For possibly the first time in state history, the Legislature's Speaker of the House and its Senate president both hail from Yavapai County.
The Senate narrowly chose Prescott rancher Steve Pierce Thursday to be its new president.
"I couldn't be happier," said Rep. Andy Tobin of Paulden, who became House speaker earlier this year. "Steve Pierce is a long-standing friend of mine, and the Arizona Senate is in good hands."
Pierce replaces Russell Pearce of Mesa after Pearce lost a recall election Tuesday.
Pierce said he will focus his efforts on jobs and the state budget.
"It will be about the budget and helping people find work, getting jobs here, getting business back to where it can flourish," Pierce said. "And we've got to look where we can for new sources of revenue. I don't mean higher taxes."
Examples of new revenue sources include selling more state trust lands and legalizing slot machines at horse and dog racetracks, Pierce said.
"That would definitely help Yavapai County and get the racetrack running again," said Pierce, who owned horses that raced at Yavapai Downs before it went bankrupt this year.
While racinos would break compacts with Indian tribes and allow the tribes to stop giving a cut of their revenues to the state, Pierce said at least one study shows the racinos could produce three times more state government revenues than the Indian casinos.
Pierce said he won't be focusing on immigration issues like his predecessor, who authored numerous laws to reduce illegal immigration. Pierce voted against Pearce's latest package of immigration bills this year.
"I don't have an agenda," Pierce said. "My job will be to help other people."
Pierce, who had been the Senate's majority whip since 2009, won the presidency Thursday by an 11-10 vote of Senate Republicans behind closed doors. Senate Majority Leader Andy Biggs got the other 10 votes.
Pierce said his fellow Republican senators did not voice concerns about having Yavapai County residents in both of the Legislature's leadership positions. He noted that Biggs is from the Phoenix metro area and new Majority Whip Frank Antenori is from Tucson, so the leadership represents all areas of the state.
Democratic leaders issued hopeful statements.
"I congratulate Sen. Pierce and I truly hope that he will work with us to end the partisanship and solve the serious problems that face our state," Senate Minority Leader David Schapira said.
"I congratulate and look forward to working with Sen. Pierce in his new role as president," House Minority Leader Chad Campbell said. "I hope that President Pierce will reject the partisanship and extremism that has been standard operating procedure in the Legislature these past few years."
Pierce joins House Speaker Tobin in the two top legislative leadership positions. In April, Tobin became the first House speaker from Yavapai County since 1933.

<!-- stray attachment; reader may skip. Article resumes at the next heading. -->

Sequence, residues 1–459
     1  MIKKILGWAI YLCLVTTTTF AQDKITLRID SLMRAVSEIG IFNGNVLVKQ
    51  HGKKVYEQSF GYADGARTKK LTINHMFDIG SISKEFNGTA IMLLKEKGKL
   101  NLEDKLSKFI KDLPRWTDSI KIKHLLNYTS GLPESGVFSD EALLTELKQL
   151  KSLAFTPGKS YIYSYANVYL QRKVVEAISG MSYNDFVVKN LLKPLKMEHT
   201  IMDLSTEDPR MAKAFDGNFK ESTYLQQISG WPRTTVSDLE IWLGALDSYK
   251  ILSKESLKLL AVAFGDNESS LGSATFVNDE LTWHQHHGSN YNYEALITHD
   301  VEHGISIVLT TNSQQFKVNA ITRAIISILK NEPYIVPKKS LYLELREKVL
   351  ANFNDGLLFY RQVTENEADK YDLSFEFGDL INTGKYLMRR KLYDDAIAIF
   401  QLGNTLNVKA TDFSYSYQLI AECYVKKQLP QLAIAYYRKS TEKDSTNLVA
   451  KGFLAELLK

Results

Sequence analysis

Pierce is the first Senate president from Yavapai County since Ken Bennett of Prescott, who was speaker in 2003-2007 and now is secretary of state. The secretary of state is the second-highest state office behind the governor.
Yavapai County Republican Party Chair Mal Barrett Jr. said all three men have gained reputations as people who listen.
"I just think we've got good breeding stock up here in Yavapai County," said Barrett, in a reference to Pierce's ranching heritage.
"We are rational conservatives," Barrett said of Yavapai County Republican leaders. "We don't give ground, but we are respectful in the way we deal with other people."
Barrett has known Pierce for about three decades.
"Steve Pierce is a stalwart conservative in Arizona politics, but he has the ability to negotiate and have a rational discourse with those he disagrees with," Barrett added.
It's noteworthy that Pierce got the leadership job in only his second term as a senator, Barrett added. Pierce, a third-generation Arizonan, first entered politics in 2001 as Yavapai County Republican chair.
Pierce noted that Judge Robert Brutinel of Prescott also recently rose to a top state position, on the Arizona Supreme Court.
"Prescott's pretty important in the state," Pierce said. "I think it's great."
State records indicate that Yavapai County might have laid claim to both the House and Senate leaders for a fleeting moment during the state's first year of existence in 1912, when H.H. Linney of Yavapai County apparently was speaker during just one special session while M.G. Cunniff of Yavapai County was Senate president. Both were Democrats.
The state archives didn't have a list of the territorial Legislature's speakers and presidents Thursday, and it's still working on complete lists of state Legislature speakers and presidents that include their community of residence.